Besides having a wonderful conversation with William Henry about the REAL meaning of Christmas for subscribers, Anne Strieber has a special holiday message for everyone.

NOTE: This news story, previously published on our old site, will have any links more

According to psychologists, holiday Grinches who excludethemselves from parties or gift exchanges may be doing so inself-defense, pre-empting the possibility that family andfriends will ignore or disappoint them. And a group of New Zealand Santas recently displayed the ultimate in Grincy behavior.

Psychologist Kipling D. Williams, who studies ostracism,says, “During the holidays there are high expectations aboutgetting together with family, celebrating with friends andgift-giving at the office or with neighbors. As a result,people are more sensitive. They may avoid or not reply tophone calls from friends or develop a negative attitude, allin an effort to make being ostracized less hurtful, but moreinevitable.”
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When snacks are laid out, do you find yourself reaching for the salted nuts and potato chips? A new scientific study explains why some people like salt more than others. It may be related to how much you weighed when you were born. Salt can contribute to high blood pressure, but not all high sodium foods taste salty.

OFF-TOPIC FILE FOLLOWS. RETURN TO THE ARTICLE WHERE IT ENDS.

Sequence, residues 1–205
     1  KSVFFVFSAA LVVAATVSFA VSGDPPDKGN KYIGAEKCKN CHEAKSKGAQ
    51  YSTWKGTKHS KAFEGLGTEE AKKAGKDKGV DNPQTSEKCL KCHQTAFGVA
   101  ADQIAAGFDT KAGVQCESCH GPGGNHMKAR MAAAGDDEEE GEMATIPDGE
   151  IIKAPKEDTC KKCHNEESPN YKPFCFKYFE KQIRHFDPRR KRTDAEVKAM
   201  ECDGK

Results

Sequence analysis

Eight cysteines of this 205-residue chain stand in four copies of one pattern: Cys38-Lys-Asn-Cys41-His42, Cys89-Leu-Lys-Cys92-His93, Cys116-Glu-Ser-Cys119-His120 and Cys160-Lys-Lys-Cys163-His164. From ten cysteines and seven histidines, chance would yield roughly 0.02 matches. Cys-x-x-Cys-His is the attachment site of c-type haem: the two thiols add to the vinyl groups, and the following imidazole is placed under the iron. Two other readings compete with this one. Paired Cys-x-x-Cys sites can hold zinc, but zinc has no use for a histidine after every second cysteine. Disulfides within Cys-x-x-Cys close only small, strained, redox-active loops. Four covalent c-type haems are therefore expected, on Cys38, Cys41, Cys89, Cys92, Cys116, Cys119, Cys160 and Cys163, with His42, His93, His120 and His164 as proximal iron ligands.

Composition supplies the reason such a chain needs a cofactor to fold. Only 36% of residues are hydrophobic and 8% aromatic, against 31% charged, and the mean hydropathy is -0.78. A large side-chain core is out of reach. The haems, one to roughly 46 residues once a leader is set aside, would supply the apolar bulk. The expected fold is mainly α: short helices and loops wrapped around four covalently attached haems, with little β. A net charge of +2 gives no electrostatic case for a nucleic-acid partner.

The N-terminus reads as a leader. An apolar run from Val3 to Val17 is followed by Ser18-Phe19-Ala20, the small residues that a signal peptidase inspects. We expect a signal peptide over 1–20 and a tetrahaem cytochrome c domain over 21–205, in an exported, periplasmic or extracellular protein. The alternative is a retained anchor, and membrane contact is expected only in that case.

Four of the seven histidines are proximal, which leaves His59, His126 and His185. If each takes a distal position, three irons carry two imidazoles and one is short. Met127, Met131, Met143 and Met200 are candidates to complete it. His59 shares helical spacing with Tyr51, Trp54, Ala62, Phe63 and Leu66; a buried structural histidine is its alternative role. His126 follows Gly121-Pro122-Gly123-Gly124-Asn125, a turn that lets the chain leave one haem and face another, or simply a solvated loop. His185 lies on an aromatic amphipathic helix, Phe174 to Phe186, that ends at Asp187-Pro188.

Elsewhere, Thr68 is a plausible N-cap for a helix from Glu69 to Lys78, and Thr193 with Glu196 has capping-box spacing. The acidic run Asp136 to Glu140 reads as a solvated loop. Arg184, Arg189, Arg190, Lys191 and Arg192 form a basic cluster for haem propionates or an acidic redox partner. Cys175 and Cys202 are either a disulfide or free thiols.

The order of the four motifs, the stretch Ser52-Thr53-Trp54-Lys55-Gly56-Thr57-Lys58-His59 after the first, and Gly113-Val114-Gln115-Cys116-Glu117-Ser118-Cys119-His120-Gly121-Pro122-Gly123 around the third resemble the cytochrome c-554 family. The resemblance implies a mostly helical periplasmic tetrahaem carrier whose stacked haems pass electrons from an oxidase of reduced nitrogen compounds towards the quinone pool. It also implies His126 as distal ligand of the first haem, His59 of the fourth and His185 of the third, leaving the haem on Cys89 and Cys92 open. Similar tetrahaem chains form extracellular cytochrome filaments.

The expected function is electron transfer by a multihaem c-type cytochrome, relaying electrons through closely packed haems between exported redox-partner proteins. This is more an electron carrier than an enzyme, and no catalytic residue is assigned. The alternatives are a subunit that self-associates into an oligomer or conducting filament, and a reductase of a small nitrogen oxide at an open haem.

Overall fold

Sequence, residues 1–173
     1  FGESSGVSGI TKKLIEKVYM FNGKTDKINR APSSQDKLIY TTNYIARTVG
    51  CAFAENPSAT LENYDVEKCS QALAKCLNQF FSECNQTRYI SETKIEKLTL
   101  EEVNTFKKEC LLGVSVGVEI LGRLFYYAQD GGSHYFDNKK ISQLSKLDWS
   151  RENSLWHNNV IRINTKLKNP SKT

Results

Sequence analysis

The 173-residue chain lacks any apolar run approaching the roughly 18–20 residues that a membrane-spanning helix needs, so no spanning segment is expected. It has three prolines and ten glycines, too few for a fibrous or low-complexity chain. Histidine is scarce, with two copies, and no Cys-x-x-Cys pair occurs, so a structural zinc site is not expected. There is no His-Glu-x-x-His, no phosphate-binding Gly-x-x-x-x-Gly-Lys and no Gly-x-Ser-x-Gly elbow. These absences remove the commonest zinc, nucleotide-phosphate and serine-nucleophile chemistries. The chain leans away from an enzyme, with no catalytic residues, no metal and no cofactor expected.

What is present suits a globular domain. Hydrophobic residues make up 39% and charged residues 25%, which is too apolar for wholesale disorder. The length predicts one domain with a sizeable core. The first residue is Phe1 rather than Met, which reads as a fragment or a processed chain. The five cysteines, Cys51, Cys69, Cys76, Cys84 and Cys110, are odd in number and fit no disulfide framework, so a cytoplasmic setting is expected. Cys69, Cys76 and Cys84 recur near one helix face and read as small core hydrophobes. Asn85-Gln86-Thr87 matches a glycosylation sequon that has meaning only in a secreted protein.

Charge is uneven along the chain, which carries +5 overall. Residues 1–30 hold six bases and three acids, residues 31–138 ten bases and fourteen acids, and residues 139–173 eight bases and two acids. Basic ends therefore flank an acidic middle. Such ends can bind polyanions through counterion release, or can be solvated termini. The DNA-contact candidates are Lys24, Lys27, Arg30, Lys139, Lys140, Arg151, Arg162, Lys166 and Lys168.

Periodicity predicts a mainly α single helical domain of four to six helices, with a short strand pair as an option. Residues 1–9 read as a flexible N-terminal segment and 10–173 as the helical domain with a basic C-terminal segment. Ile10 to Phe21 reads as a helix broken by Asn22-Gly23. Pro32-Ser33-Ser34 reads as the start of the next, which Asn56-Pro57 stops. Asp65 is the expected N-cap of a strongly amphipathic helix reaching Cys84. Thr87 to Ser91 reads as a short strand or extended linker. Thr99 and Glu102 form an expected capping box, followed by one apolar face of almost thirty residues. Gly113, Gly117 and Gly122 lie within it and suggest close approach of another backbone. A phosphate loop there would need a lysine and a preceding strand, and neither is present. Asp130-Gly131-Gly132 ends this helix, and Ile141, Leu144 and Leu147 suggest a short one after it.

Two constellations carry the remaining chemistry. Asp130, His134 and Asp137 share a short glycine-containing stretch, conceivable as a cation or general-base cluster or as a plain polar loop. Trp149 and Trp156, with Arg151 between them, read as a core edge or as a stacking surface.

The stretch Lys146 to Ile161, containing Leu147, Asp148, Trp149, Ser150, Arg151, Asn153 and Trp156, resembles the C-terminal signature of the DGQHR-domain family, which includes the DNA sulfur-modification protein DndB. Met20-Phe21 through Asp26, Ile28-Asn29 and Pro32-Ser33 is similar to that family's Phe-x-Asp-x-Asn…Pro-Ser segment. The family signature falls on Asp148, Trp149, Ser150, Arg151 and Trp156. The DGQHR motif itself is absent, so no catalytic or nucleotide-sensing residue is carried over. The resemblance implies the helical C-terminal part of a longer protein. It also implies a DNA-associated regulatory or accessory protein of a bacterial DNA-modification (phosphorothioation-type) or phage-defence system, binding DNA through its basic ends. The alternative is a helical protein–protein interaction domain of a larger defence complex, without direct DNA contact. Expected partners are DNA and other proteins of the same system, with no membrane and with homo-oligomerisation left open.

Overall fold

Nutritionists have discovered that individual differences in salty taste acceptance by two-month old infants are inversely related to birth weight. Lighter birth weight infants show greater acceptance of salt-water solutions than do babies who were heavier at birth.
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So many Christmas presents and toys use batteries, that many of us include them with the gift. Running out of the right batteries is a classic Christmas Day emergency. But new advances in thin-film lithium battery technology may soon make traditional alkaline batteries a thing of the past..

Rechargeable batteries can seem like a solution, except that they?re made from highly toxic heavy metals can pollute the environment. Others have a short storage life (a rapid “self-discharge” rate). If used improperly, some lose the ability to hold a full charge, a problem known as the “memory effect.”
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